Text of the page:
Can collecting outcomes be a revenue generator for your practice?
Rehab providers are required to collect and report outcomes for payment from Medicare and increasingly from commercial payers. At first, this requirement seemed like another cost with little benefit to the provider.
Now, providers are using outcomes reports to track patient progress in addition to fulfilling mandated reporting requirements. Using outcomes in daily practice has become a necessity for payment and a boon to improve patient management with patient-reported data.
Many fulfill this requirement by using old legacy outcome measurement tools such as the Oswestry Lower Extremity Functional Scale. Other providers opt to purchase an outcomes collection and reporting system.
What makes the most sense for both the clinic owner, or manager, and the clinician? Let’s compare the benefits and costs of collecting outcomes in-house with a “tool” compared to a purchased outcomes reporting “system.”
Managers or owners of facilities who choose to use a tool to collect outcomes believe that is the economical way to manage their outcome reporting requirement. Just print off the appropriate tool and have the patient fill it out, have the therapist or other staff score it, select the appropriate G-code and have another staff member either file it or enter it into the medical record or billing system. A purchased system will require staff to set up the patient into the software, then ask the patient to complete the survey online.
In addition to the functional score, the computerized system produces a report that automatically and immediately provides the functional scores, selects the appropriate G-code and provides other data to help the clinician communicate with the patient, plan treatment and provide necessary documentation for audit purposes.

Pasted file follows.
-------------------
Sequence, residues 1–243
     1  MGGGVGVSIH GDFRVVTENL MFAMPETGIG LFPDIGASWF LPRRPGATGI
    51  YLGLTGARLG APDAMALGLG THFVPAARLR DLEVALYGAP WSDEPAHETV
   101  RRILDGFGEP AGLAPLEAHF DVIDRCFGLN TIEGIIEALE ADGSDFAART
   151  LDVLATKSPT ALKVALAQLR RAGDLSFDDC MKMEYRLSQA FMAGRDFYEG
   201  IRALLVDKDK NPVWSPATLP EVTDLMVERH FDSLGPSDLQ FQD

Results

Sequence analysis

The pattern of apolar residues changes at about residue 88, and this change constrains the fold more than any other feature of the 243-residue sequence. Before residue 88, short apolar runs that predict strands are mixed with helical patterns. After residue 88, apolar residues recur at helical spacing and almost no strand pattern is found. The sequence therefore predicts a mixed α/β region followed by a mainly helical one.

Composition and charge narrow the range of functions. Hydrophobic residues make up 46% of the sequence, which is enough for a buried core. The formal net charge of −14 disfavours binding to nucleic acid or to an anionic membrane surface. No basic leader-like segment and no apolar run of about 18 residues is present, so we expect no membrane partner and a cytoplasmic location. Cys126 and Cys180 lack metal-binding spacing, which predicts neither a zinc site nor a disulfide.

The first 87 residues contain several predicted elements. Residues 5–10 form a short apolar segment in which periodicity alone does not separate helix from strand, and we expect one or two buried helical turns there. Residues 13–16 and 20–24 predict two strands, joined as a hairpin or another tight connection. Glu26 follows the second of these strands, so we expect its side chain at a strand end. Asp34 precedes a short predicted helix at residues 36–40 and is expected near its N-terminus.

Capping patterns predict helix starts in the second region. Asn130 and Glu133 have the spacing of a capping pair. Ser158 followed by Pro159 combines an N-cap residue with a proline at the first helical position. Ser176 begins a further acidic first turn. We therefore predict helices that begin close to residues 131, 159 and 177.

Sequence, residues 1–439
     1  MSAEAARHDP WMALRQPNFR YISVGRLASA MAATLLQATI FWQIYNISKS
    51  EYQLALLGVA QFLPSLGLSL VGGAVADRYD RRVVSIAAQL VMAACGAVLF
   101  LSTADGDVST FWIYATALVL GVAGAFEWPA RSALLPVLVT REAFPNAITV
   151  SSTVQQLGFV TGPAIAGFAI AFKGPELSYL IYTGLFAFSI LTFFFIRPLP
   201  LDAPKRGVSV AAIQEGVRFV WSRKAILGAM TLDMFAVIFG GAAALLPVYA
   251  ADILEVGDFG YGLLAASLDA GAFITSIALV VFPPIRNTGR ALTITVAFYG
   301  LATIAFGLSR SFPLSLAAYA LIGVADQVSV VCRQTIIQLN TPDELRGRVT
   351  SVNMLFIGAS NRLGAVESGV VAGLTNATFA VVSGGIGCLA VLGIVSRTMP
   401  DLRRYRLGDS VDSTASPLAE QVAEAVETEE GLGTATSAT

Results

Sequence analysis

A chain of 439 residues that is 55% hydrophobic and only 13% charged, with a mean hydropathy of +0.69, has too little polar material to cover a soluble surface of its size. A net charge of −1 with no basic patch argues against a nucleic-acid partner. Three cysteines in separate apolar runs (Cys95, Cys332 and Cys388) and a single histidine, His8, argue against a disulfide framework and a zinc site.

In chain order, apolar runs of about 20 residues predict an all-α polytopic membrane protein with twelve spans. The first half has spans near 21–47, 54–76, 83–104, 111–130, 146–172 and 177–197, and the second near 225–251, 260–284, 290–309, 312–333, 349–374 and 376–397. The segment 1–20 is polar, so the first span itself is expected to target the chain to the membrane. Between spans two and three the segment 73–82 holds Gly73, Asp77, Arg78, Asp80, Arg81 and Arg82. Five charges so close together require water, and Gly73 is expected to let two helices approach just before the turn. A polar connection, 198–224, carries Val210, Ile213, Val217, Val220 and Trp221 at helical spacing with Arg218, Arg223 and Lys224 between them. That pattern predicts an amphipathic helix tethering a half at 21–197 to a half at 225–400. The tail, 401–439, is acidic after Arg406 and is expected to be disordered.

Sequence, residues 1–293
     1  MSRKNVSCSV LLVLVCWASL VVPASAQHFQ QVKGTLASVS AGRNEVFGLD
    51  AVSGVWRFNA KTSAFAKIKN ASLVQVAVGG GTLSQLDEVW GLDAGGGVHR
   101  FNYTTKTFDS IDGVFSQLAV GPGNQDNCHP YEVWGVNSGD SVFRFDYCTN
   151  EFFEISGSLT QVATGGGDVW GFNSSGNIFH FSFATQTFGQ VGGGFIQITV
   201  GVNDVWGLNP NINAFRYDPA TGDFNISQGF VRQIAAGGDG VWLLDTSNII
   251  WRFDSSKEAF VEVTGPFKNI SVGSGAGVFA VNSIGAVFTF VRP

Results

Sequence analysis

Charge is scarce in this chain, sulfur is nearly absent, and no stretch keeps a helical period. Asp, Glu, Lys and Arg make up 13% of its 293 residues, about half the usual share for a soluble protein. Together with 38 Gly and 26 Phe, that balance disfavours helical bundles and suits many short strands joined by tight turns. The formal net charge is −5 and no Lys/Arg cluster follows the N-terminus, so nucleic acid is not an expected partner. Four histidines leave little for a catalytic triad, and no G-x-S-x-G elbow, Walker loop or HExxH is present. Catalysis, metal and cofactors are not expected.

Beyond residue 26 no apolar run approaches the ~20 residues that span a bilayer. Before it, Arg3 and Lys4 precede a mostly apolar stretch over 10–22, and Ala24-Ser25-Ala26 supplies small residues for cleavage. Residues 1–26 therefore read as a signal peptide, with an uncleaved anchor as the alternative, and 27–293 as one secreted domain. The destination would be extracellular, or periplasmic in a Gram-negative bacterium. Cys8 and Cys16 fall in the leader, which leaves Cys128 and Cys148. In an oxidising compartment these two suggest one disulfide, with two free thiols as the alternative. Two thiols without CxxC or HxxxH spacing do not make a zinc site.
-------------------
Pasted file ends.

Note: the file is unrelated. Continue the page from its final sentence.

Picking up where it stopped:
Let’s look at efficiency of data collection and management with a “tool” versus a “system.” Using a tool to collect outcomes data requires five steps (print the outcomes tool, the patient fills it out, staff scores it, staff decides the appropriate G-code, staff files or records it in the medical record). The system is more efficient because it requires only two steps – patient set-up and the patient completing the survey.
What about utility of the data from the tool versus the system? This is where the system clearly has the advantage. A system outcomes report provides much more data for the provider, manager and patient than strictly a functional score from a “tool.” The system outcomes report provides a functional score plus a risk-adjusted benchmark comparison of similar patients.
In addition, the system provides prediction of discharged status for the patient’s functional score and number of visits, usually in graph format. The report also provides expected functional activities at discharge. This data can help set patient expectations of treatment results and improves patient engagement. Subsequent patient survey reports add to the intake data, update it and graphically demonstrate progress, further engaging the patient in their rehabilitation.
Are there further uses for gathering outcomes measures beyond complying with payment mandates? Outcomes data can be repurposed to help improve your bottom line. Utilizing outcomes in this way can produce a return on investment (how soon an investment starts to pay for itself) for work you’ve already done.
How you collect, organize and store outcomes data result s in direct costs in staff time and other resources. Or you may opt to purchase an outcomes management system. The question becomes, “How do I turn that cost into an income-producing opportunity and therefore make the outcomes management process pay for itself, and even produce income?”
There are five concepts a successful facility must manage that will directly impact a facility’s bottom line:
- Manage the no-show/cancellation rate;
- Turn patients into practice promotors for word-of-mouth referrals;
- Improve the number of referrals from each referring physician;
- Find new referring sources to your practice; and
- Improve reimbursement from payers.
Many operating costs are going up – especially staff salaries, supplies and utilities. It’s hard to justify an added expense that an internal outcomes process or purchased outcomes management system requires. However, you soon realize that it can become a source of increased profitability and an efficient tool to measure quality of care, manage your practice and staff and market your services.
In subsequent articles I will expand on each of the five concepts that impact your bottom line. Collecting outcomes data is a necessity. Let’s make it pay, rather than cost.